Talk openly to your adult children about your plans for the future

For many boomers and seniors, talking about plans for their later years with their children is not a hot agenda item. But it should be.

Planning for long-term care represents a carefully thought out decision to be made with the help of an extended care professional. You need information so you can make educated decisions about the care you may need – and Your LTC Resource is a great place to get the facts for yourself and help with your future health needs.

Just as you need that important information, your adult children do, too.  Make time to sit down with your adult children and honestly discuss your preferences and your decisions. Ed & I are fully ready to help you discuss the many options for Long and Short-Term Care (and the many new hybrid plans) available to you. That talk with your kids? It’s something we’ve always recommended.

Recently, we ran across a down-to-earth guide called, “The Other Talk; A Guider to Talking with Your Adult Children About the Rest of Your Life.” The guide provides tips for honest discussions about such tough topics as:

  •  Who do you want to help manage your finances, and how will you budget for unknown needs?
  •  If you need assisted living, where do you want to live?
  •  Where can your children find the documents and information they’ll need to help?
  • What type of medical treatments do you want — and not want?
  •  Who will advocate for your needs?

It’s good, and very reasonably priced (available in paperback for $9 from Amazon, and on Kindle for $8.55). Click HERE for a link for more information on this book.

Education, information and frank, open talks. All three are the keys to making smart decisions, and communicating honestly with your family.   ~ Ed & Elise

 

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How affordable are senior home options?

If you suddenly needed in-home care or nursing home care, could you afford it? Or would your life savings be depleted in the face of potentially significant Long-Term Care costs?

Remember that most health insurance plans do not cover long term care. Medicare was not designed to cover custodial care – which is what many people will need. Even more importantly, Medicaid doesn’t cover care until most of your assets are depleted.

Senior housing options are many, and plenty expensive. Here’s what they cost:

  • Continuing care (CCRC) communities:  According to SeniorHomes.com, incoming residents pay a one-time, upfront entrance fee, a buy-in or ownership fee, plus monthly fees. Price ranges are from $20k – 200k per year depending on the community. Seniors join these communities when they are relatively active and live independently in apartments, then gradually move into on-site assisted-living or nursing home facilities.
  • Assisted living communities: According to a survey conducted by MetLife, the national average for assisted living base rates was $3,550 per month in 2012. Licensed and regulated by the state, these communities are intended for those who need some help with the activities of daily living such as dressing, eating or bathing, but are not totally disabled. Residents usually buy or rent rooms or apartments.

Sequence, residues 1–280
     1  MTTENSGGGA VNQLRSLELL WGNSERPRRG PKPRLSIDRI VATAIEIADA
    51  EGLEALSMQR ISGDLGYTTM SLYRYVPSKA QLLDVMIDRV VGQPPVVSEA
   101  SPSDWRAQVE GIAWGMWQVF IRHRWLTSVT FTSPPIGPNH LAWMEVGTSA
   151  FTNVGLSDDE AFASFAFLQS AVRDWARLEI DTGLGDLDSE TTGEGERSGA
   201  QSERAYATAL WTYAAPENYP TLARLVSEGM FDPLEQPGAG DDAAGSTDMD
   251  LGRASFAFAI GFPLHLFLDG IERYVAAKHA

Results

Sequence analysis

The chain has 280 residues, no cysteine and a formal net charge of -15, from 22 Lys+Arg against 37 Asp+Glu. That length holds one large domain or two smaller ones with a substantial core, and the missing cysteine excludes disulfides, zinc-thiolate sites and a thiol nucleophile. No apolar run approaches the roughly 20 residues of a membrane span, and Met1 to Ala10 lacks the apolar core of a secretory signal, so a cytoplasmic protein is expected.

• ECHO (Elder Cottage Housing Opportunity) housing: According to the U.S. Department of Housing and Urban Development, a 500 square foot one-bedroom unit installed, is around $25,000. These units are small, inexpensive prefab homes that can be leased or purchased and placed on the property of relatives or caregivers.
  • Nursing homes: According to a MetLife Market Survey, the average cost in 2009 of a private bed in a nursing home facility was $219 per day, or over $79,000 per year. For those patients who are in a semi-private room, the average cost is $191 per day, or about $70,000 annually. Nursing homes focus on individuals who are disabled, acutely ill or need help with many activities of daily living.
  • Help from outside or live-in caregivers: According to Caregivers.com, live-in caregivers cost from $700 to $3000 a week. Costs vary widely, depending on what part of the country you live in and what the living accommodations are.

Arm yourself with the facts to protect your dignity, your savings, and your freedom to make your own choices. I can help.               ~ Elise

How to avoid spending your last days in a nursing home

One sentence I’ve yet to have a potential client say is, “When I’m old, I hope to live my last days in a nursing home.”

I hear you loud and clear – that’s not your preference.

As the co-owner of YourLTCresources.net, I’m an extended care professional, and have been for the better part of the past 30 years. Helping you provide for yourself and your family in the ways you want is the best part of my job.

I know nursing home living is not part of your plan, so let’s map out a health care insurance plan that factors in your ideas, your finances, and your family. If you are approaching your 50s, right now is a great time to make key decisions while you are still vital and healthy, and make your preferences known.

I often refer to myself as a “tour guide” in the labyrinth of Long-Term and Short-Term Health Care Insurance options. Navigating that path on behalf of my clients is what I do best. And the best news I have for you is, you have a LOT of choices!

When we sit down to talk, it’s you that will be telling me what’s important to you, and how you want to live out your life. What I do is provide you with options that work with your ideas and your budget. Together we can plan for every health contingency.